In 2 weeks after that, on April 29, a partial solar eclipse will take place when the Moon will cover the sun only partially. The eclipse will reach its maximum phase in Antarctica and will be observable to the inhabitants of Australia and Tasmania. The eclipse will last only 6 minutes.

The next eclipse will be a full moon, which will take place on October 8. This time, the eclipse will be seen to the inhabitants of North America, the eastern part of Russia, Australia, New Zealand and some other Pacific islands. This eclipse is interesting because during the total phase the Moon will cover Uranus.

Last eclipse of the list is a partial solar eclipse, which will happen on October 23 and will be visible in North America and eastern Russia.

The brightest asteroid of this year will be Vesta, one of the largest asteroids in the main asteroid belt. Its brightness is expected to peak in April when it will be visible with the naked eye. The second brightest asteroid will be Pallas, which is larger than Vesta and ranks first in size among all the asteroids in the main asteroid belt. Pallas will be seen later this month. Among the other most interesting asteroids, Hebe and Juno are worth noting.

Some sources mistakenly attributed Ceres to the asteroids and included it in the list above. However, Ceres had been considered an asteroid till August 24, 2006, when it was classified as a dwarf planet.

The bigger an asteroid is, the more sunlight it reflects. However, the brightness of an asteroid is heavily dependent on the albedo (reflectivity characteristics of its surface), which in turn is determined by the composition of its constituent species. For example, the asteroid Vesta reflects 4 times more light than the dwarf planet Ceres because of the high albedo of the surface and is the most visible asteroid in the sky, which often can be seen even with the naked eye.

The brightest comets will be 154P (P/Brewington), C/2011 W3 (Lovejoy), C/2012 X1 (LINEAR), C/2012 K1 (PanSTARRS) and C/2013 A1 (McNaught). The list may vary depending on the expected increase in brightness and the discovery of new comets.


Of Gamma Ray Bubbles and Dark Matter


Amy Shira Teitel
Analysis by Amy Shira Teitel
Tue May 8, 2012 11:37 AM ET


Dark matter, the elusive stuff that makes up a substantial portion of all the mass in the universe, is largely a mystery to astronomers. They’ve tried finding it and creating it, but so far no conclusive proof as to what exactly it is though most theories state that we interact with it through gravity.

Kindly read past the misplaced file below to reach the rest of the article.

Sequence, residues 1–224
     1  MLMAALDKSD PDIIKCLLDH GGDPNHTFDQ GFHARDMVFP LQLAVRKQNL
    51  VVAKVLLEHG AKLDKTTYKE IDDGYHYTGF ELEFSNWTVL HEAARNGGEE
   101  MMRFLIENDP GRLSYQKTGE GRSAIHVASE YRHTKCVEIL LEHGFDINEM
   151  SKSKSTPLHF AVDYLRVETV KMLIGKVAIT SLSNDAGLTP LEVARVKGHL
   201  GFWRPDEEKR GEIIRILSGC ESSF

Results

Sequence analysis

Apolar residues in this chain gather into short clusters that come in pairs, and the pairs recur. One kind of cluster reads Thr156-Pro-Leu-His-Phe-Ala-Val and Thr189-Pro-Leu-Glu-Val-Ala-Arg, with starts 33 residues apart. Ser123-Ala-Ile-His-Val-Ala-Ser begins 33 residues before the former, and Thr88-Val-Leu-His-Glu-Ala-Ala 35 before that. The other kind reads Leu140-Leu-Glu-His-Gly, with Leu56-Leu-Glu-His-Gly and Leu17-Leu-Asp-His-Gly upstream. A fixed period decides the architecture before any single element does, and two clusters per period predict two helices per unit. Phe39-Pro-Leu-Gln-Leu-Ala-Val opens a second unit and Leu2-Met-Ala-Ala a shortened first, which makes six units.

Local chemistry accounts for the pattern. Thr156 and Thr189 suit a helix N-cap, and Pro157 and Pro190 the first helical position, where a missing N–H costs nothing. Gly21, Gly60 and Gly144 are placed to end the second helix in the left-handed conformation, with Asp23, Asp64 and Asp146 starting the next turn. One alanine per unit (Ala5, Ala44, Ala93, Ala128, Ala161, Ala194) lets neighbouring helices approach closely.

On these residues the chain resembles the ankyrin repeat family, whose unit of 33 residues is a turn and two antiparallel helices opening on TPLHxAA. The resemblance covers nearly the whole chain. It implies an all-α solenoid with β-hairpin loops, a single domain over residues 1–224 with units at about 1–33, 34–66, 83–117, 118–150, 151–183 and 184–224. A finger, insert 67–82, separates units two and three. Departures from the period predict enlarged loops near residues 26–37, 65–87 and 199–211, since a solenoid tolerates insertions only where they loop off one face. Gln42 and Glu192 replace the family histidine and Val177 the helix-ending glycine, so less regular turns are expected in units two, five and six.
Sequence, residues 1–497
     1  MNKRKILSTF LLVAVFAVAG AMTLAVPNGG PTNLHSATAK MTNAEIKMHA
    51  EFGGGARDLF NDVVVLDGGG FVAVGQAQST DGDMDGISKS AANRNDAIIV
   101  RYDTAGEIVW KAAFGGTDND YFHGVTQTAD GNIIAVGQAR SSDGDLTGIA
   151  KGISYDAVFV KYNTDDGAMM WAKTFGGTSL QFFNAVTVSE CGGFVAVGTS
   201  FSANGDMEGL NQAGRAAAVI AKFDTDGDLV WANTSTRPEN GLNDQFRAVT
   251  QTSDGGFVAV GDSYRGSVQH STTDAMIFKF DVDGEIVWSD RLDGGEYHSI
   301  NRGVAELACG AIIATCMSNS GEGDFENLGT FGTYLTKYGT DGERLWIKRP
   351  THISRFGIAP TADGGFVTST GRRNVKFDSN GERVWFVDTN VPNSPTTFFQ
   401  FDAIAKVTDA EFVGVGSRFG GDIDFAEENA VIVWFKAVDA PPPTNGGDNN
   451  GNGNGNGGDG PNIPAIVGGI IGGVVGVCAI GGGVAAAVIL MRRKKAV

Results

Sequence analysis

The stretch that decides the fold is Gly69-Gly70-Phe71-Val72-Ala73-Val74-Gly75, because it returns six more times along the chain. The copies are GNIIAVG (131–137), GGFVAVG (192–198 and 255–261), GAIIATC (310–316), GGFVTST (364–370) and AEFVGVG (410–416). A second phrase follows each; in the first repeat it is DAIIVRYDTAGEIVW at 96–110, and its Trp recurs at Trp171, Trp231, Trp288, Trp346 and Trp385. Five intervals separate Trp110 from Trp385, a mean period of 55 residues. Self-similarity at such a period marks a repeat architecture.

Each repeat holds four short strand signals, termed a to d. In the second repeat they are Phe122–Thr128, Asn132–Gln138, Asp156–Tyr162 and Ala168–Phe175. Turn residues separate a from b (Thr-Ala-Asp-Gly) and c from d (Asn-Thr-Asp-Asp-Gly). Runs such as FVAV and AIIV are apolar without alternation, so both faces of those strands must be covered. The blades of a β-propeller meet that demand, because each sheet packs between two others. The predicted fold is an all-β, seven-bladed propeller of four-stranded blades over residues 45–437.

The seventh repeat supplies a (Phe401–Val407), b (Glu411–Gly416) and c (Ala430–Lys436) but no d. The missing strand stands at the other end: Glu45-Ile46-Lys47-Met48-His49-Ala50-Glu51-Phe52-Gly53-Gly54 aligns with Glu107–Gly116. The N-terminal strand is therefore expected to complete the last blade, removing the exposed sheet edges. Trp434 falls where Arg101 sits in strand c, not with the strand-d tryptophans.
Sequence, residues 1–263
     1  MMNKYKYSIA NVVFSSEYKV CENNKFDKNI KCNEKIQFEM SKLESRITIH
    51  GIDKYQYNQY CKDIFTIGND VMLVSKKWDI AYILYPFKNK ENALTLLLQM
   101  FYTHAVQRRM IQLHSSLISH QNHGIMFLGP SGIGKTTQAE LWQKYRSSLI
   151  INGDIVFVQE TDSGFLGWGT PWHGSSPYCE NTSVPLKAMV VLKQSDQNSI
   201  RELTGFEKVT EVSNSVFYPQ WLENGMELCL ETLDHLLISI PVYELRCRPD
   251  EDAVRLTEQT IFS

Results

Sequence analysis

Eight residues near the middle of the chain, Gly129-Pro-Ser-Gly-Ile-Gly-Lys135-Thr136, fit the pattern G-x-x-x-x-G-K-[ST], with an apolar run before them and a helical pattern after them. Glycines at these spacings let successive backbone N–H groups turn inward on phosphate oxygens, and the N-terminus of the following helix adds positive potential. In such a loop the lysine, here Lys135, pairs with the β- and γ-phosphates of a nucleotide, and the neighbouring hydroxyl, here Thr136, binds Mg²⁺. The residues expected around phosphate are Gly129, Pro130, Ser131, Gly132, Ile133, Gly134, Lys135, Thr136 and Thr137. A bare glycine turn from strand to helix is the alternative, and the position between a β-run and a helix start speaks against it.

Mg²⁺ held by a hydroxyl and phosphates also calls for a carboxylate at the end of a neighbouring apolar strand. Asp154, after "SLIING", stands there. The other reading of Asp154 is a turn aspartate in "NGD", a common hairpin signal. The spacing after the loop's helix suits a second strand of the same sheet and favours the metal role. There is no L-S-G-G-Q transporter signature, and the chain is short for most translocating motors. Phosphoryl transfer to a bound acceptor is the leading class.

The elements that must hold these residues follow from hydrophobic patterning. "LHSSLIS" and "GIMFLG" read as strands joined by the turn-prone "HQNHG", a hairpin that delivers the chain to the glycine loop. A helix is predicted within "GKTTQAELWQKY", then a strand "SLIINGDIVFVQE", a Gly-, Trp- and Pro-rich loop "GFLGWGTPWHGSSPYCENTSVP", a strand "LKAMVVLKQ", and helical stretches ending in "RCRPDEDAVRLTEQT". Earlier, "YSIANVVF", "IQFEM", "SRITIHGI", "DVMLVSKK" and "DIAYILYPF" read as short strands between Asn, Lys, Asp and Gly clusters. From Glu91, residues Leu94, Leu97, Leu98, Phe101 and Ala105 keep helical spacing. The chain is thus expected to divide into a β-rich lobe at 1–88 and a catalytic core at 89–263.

But Christoph Weniger, of the Max Planck Institute for Physics in Munich, has a different theory to explain new possible evidence for dark matter. By carrying out statistical analysis of three and a half years worth of publicly available data from NASA’s Fermi Space Telescope, he’s found a gamma ray line across the sky that he says is a clear signature of dark matter.

Astrophysicists generally think that supermassive black holes, like the one at the center of the Milky Way, release jets that interact with surrounding dark matter. This interaction is thought to be the source of high-energy gamma rays that satellites like Fermi can detect. What satellites can see are the photons produced when these jets interact with dark matter.

Weniger looked for signs of such an interaction in about three and a half years worth of gamma-ray observations carried out by the Fermi satellite’s Large Area Telescope (LAT).

To increase his chances of success he only considered data from those regions of the Milky Way that should generate the highest ratios of dark-matter photons to photons from background sources. He was looking specifically for a peak in energy, a sign that a photon was produced by the collision between and annihilation of two particles; the photon left over should have the same mass as one dark matter particle. This energy would theoretically appear as a very narrow peak, a line in gamma-ray spectra, distinct from the broad energy distribution seen across the visible universe.

That’s just what he found — a line in the gamma ray spectrum.

But he’s quick to admit it’s a provisional result. His data points come from about 50 photons and he’ll need a lot more to prove conclusively that his line is related to dark matter. It’s possible the line he observed is from a known, though no less mysterious, astronomical phenomenon: the pair of enormous gamma-ray-emitting bubbles extending outwards from the plane of the Milky Way.

In December 2010, scientists working with the Fermi Space Telescope found two giant lobes extending from the black hole at the center of our galaxy.

Twenty-five thousand light years high, each bubble spans more than half of the visible sky reaching from the constellation Virgo to the constellation Grus and may be relatively young at just a million or so years old.